Cheerleaderka/Cheerleader by Katarzyna Kozyra from the permanent collection of Zachęta National Gallery of Art (Warsaw, Poland)
February 1, 1963 |
|Training||Academy of Fine Arts in Warsaw, Hochschule für Grafik und Buchkunst Leipzig|
Katarzyna Kozyra (born 1963) is a Polish video artist. She finished German studies in the Warsaw University (1985–1988). She graduated in 1993 from the Academy of Fine Arts in Warsaw and Hochshule für Graphik und Buchkunst in Leipzig and received a Paszport Polityki award in 1997. She has exhibited internationally since 1997, at venues including Brown University and Carnegie International in the U.S.
Her art was involved in a 1999 censorship incident in Poland. Her photo portrait of Slawomir Belina in a Warsaw exhibition in 2000 was also controversial for its alleged eroticism, as his anus was in the centre of the composition.
In 1999 represented Poland in the 48th Venice_Biennale , where she got commendation for video installation "Men’s Bathhouse". In September 2011 she received the Polish Ministry of Culture and National Heritage grant.
Pyramid of animals was her graduate work (1993). It consisted of dissected animal bodies: horse, dog, cat and rooster. While quoting a theme from Grimm brother’s fairy tale "The Four Musicians from Bremen", the Pyramid... was supposed to concern human involvement in industrial animal killing procedure. Kozyra became known as controversial artist because of the notoriety with the installation, and other her works: "Blood relationship" 1995, "Olimpia" 1996, "Lady’s bathhouse" 1997 and "Man’s bathhouse" 1999).
"Olimpia" (photos and video) was a recording of Kozyra’s fight with cancer. The assumption was an attempt to restore dignity to ailing, moribund body; polemic with official, endorsed commonly image of healthy, strong, beautiful and completely controlled body. It was a protest against belief, that body illness or senility doom its owner to social invisibility.
"Lady’s bathhouse" considers similar subject matter (the artist entered public bathhouse with hidden camera). Kozyra’s intention was to show, how do women really appear in situation when nobody is looking and when they don’t need to follow beauty canons. Additionally it was an allusion to the history of art, which played significant role in formation of this canon (Jean Ingres’s paintings of lady’s bathhouses). "Man’s Bathhouse" was a confrontation and continuation. Kozyra went into man’s bathhouse with fake penis attached to her and a towel hung on her shoulders covering the breasts. Surprisingly she found out, that men even when being alone they still focus on their appearance, peer at each other, compare. Mystification was not revealed.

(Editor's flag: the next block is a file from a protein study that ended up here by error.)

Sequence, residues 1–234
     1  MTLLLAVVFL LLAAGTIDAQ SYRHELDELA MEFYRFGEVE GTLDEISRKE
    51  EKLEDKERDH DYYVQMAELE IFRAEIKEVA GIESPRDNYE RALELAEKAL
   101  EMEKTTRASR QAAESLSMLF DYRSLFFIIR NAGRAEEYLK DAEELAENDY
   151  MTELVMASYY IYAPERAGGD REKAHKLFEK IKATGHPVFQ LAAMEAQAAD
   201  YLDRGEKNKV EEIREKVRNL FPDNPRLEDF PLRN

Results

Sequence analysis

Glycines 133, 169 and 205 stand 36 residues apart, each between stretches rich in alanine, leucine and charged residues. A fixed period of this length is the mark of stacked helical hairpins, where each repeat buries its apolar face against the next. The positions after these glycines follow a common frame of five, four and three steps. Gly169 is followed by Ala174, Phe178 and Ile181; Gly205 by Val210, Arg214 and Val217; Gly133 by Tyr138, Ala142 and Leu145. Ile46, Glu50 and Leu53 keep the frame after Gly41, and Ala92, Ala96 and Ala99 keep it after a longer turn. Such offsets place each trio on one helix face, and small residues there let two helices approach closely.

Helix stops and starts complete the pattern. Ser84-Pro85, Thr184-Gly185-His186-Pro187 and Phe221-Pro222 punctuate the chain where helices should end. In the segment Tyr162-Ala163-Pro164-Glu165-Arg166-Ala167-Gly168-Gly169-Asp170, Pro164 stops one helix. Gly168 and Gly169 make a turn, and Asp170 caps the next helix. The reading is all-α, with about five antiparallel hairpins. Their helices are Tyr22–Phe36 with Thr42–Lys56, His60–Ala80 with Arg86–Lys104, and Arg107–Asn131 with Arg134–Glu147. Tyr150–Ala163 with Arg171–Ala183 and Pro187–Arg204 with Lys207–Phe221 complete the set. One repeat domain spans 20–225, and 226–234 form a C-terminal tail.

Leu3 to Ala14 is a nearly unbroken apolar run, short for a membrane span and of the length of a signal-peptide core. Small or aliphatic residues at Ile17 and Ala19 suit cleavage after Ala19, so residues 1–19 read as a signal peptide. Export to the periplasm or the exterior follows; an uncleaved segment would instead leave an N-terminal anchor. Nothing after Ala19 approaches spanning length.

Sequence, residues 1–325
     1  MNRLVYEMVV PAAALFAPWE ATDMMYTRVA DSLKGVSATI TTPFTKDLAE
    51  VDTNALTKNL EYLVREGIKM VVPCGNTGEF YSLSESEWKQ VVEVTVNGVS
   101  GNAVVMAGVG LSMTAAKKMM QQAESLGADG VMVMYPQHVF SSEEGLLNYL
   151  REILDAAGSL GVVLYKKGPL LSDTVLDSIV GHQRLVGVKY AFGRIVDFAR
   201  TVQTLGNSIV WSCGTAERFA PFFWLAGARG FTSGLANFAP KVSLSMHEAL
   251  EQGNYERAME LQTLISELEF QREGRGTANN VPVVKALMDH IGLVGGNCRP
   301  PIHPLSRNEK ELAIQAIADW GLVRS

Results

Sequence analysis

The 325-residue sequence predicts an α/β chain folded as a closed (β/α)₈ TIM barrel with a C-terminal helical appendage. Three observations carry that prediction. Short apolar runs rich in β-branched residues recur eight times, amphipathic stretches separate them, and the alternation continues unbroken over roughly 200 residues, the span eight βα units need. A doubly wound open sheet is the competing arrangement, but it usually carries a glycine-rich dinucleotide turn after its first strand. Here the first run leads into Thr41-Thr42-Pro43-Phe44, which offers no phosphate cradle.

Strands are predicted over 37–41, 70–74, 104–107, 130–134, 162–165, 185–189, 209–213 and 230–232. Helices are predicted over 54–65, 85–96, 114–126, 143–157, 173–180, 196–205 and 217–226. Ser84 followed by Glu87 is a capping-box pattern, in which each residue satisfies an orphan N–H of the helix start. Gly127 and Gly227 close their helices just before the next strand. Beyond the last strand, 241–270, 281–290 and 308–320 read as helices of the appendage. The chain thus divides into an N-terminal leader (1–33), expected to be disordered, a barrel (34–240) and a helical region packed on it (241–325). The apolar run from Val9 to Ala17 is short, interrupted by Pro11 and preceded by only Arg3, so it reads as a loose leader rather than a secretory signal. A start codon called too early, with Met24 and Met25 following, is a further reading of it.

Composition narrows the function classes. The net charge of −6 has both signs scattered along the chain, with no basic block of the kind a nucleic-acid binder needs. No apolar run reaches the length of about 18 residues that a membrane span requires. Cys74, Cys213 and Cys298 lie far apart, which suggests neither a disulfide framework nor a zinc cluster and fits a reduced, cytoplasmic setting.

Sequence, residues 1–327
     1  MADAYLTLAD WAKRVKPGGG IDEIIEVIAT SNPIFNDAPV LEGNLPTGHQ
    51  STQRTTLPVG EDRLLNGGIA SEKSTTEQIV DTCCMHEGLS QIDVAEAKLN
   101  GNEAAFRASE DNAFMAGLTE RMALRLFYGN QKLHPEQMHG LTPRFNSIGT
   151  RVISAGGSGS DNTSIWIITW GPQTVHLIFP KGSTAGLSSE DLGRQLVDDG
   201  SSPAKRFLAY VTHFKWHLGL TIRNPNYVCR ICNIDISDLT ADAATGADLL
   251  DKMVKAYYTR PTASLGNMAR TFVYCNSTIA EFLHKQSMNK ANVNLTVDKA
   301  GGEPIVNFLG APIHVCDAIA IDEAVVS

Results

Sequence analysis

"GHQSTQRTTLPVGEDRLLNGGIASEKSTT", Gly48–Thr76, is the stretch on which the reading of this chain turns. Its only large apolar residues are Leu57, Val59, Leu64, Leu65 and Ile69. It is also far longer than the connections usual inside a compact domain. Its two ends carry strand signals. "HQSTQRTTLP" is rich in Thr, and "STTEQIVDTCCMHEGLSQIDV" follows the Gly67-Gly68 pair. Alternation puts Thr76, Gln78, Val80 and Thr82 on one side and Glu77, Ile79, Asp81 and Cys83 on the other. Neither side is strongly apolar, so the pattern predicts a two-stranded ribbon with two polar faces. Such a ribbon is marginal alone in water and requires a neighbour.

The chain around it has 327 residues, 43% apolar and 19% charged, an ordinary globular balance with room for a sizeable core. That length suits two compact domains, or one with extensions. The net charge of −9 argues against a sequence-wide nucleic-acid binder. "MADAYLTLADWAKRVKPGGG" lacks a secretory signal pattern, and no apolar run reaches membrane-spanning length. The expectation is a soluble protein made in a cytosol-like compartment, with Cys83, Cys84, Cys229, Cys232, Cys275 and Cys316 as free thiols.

She also creates video clips. For instance, "Cheerleader" from "In art dreams become real" series.
Anda Rottenberg, Director of Galeria Zacheta in Warsaw where Kozyra first showed "Bath house" in 1997 and who also purchased the work, sparked off controversy by writing to Art Monthly in October 1998 and claiming that Kozyra's "Bath house" and artist Tacita Dean's 1998 "Gellert" were of the same subject: the most famous bath house in Budapest. Freely admitting that controversy helps in the promotion of a work, "Controversy around this work was in fact a very stimulating factor and now as the months passed Bath house has come to be regarded as classic", Rottenberg found the coincidence "indeed amazing". However, the works differ completely. Whereas Kozyra used hidden cameras intending to reveal the bathing women's natural behaviour as well as challenging normal considerations of privacy, and is a multi-screen video work (see letter again), Dean had permission from the bath workers and her single screen film is concerned with the healing sulphurous waters of the baths (see Colin Gleadell, The Daily Telegraph, 1 February 2001).
- Sabine Folie, The Impossible Theater: Performativity in the Works of Pawel Althamer, Tadeusz Kantor, Katarzyna Kozyra, Robert Kusmirowski and Artur Zmijewski, Verlag Fur Moderne Kunst (2006), ISBN 3-938821-03-5
- Brandon Taylor, Contemporary Art: Art since 1970, Prentice Hall (2004), ISBN 0-13-118174-2
- Laura Hoptman and Tomas Pospiszyl (ed.), Primary Documents: A Sourcebook for Eastern and Central European Art since the 1950s, The MIT Press (2002), ISBN 0-262-08313-2 - described at MOMA International Program 
- Pawel Leszkowicz, Feminist Revolt: Censorship of Women’s Art in Poland, Bad Subjects website, Jan 2005
- Karol Sienkiewicz, Penetration and Gender Insubordination: On the examples of Belina, Mapplethorpe, and Herrmann, SEKCJA magazine
- Only in art, dreams come true, culture.pl website
- Exhibition 2004-05, Carnegie International
- Exhibition in 2004, Postmasters, New York - see Archive reviewed at Paulina Pobocha, Katarzyna Kozyra’s Punishment and Crime, NY Arts magazine
- Exhibition in 2003, David Winton Bell Gallery, Brown University
- Biography, culture.pl website
- Kozyra's official website